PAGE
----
WASHINGTON—Iran has increased its offensive cyberattacks against the U.S. government and critical infrastructure as tensions have grown between the two nations, cybersecurity firms say.
In recent weeks, hackers believed to be working for the Iranian government have targeted U.S. government agencies, as well as sectors of the economy, including oil and gas, sending waves of spear-phishing emails, according to representatives of cybersecurity companies CrowdStrike and FireEye, which regularly track such activity.
— The Peninsula (@PeninsulaQatar) June 22, 2019
It was not known if any of the hackers managed to gain access to the targeted networks with the emails, which typically mimic legitimate emails but contain malicious software.
The cyber offensive is the latest chapter in the U.S. and Iran’s ongoing cyber operations targeting the other.
— CBS News (@CBSNews) June 22, 2019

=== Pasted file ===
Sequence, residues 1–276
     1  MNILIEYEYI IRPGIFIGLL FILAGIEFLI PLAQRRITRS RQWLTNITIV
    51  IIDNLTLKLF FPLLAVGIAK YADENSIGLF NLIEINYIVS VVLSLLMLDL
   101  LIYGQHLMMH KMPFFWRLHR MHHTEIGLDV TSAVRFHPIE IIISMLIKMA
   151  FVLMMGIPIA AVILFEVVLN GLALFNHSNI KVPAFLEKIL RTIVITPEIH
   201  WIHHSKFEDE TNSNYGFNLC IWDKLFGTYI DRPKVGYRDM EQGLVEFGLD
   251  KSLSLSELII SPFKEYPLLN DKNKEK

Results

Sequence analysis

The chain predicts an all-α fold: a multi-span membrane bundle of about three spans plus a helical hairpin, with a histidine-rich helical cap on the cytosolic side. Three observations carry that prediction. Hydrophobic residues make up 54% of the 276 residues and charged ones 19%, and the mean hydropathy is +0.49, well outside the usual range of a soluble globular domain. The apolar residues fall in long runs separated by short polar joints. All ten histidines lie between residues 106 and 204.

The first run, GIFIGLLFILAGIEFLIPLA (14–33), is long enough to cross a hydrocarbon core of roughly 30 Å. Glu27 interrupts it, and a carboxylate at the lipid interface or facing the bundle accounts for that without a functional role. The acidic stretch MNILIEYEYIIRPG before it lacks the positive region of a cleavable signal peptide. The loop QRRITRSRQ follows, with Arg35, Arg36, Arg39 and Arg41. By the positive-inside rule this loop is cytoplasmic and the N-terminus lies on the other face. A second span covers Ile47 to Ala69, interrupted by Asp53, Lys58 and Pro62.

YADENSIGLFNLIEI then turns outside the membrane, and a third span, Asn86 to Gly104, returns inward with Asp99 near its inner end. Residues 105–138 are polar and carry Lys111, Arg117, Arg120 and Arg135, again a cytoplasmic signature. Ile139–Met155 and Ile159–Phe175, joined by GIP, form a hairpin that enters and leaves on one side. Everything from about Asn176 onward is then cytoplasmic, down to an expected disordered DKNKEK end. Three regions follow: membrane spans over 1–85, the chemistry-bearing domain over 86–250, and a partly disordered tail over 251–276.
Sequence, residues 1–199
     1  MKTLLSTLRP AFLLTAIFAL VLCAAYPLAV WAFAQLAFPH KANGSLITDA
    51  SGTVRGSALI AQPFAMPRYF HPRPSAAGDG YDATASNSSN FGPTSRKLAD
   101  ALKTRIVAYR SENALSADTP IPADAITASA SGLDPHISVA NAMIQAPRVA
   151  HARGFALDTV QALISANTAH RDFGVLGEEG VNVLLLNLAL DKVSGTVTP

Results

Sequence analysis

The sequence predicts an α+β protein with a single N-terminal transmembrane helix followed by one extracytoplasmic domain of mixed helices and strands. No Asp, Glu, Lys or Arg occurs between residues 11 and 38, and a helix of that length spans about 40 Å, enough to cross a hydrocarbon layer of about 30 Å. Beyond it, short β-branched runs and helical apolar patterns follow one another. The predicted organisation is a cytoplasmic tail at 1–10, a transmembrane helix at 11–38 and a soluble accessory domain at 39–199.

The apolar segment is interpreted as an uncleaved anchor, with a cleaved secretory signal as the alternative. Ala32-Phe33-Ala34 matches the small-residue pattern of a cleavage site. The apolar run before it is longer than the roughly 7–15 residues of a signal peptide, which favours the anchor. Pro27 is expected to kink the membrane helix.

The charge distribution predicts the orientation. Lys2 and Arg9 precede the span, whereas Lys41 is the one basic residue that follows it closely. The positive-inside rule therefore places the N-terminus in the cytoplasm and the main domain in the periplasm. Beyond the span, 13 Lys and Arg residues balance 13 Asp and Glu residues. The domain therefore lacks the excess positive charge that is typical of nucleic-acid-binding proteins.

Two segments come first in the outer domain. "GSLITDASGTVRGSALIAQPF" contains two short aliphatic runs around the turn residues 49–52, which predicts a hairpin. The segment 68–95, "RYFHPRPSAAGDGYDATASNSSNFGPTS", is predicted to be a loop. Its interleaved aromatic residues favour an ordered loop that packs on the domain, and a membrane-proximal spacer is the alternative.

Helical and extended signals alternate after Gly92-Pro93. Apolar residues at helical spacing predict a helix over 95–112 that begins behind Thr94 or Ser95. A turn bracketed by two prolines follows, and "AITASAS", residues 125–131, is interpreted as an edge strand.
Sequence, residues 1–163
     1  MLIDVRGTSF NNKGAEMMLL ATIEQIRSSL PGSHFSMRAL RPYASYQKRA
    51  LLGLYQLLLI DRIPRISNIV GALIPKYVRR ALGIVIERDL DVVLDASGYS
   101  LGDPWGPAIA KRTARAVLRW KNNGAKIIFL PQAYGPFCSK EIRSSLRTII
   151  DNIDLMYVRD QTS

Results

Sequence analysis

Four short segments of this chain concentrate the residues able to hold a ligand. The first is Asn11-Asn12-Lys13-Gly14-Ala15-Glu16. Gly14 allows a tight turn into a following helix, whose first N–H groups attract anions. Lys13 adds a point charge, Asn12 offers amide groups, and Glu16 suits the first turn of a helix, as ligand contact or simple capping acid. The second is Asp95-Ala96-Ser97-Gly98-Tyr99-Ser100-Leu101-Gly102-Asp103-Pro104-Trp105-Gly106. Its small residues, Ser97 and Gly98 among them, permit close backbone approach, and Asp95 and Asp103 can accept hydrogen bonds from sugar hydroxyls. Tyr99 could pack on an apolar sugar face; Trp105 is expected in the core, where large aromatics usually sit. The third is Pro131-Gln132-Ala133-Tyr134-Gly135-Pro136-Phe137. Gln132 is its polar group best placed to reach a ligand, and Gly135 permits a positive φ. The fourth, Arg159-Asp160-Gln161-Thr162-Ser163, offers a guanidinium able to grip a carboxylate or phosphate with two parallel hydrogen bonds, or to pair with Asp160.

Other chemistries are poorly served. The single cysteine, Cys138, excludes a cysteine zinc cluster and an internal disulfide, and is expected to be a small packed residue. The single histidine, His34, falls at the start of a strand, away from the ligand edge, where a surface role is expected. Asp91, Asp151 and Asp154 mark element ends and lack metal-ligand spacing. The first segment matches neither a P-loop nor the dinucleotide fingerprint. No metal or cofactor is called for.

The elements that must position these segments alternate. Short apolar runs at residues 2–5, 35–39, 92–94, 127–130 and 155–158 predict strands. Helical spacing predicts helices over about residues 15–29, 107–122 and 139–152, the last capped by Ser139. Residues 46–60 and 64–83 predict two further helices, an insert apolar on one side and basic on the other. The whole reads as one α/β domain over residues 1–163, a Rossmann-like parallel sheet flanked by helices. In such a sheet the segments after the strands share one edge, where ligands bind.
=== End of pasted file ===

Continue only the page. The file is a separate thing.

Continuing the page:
The Department of Homeland Security said in a statement released Saturday, June 22, that its agency tasked with infrastructure security has been aware of a recent rise in malicious cyber activities directed at U.S. government agencies by Iranian regime actors and proxies.
Cybersecurity and Infrastructure Security Agency Director Christopher C. Krebs said the agency has been working with the intelligence community and cybersecurity partners to monitor Iranian cyber activity and ensure the U.S. and its allies are safe.
“What might start as an account compromise, where you think you might just lose data, can quickly become a situation where you’ve lost your whole network,” Krebs said.
The National Security Agency would not address discuss Iranian cyber actions specifically, but said in a statement to The Associated Press on Friday that “there have been serious issues with malicious Iranian cyber actions in the past.”
“In these times of heightened tensions, it is appropriate for everyone to be alert to signs of Iranian aggression in cyberspace and ensure appropriate defenses are in place,” the NSA said.
In 2016, the U.S. indicted Iranian hackers for a series of punishing cyberattacks on U.S. banks and a small dam outside of New York City.
By Tami Abdollah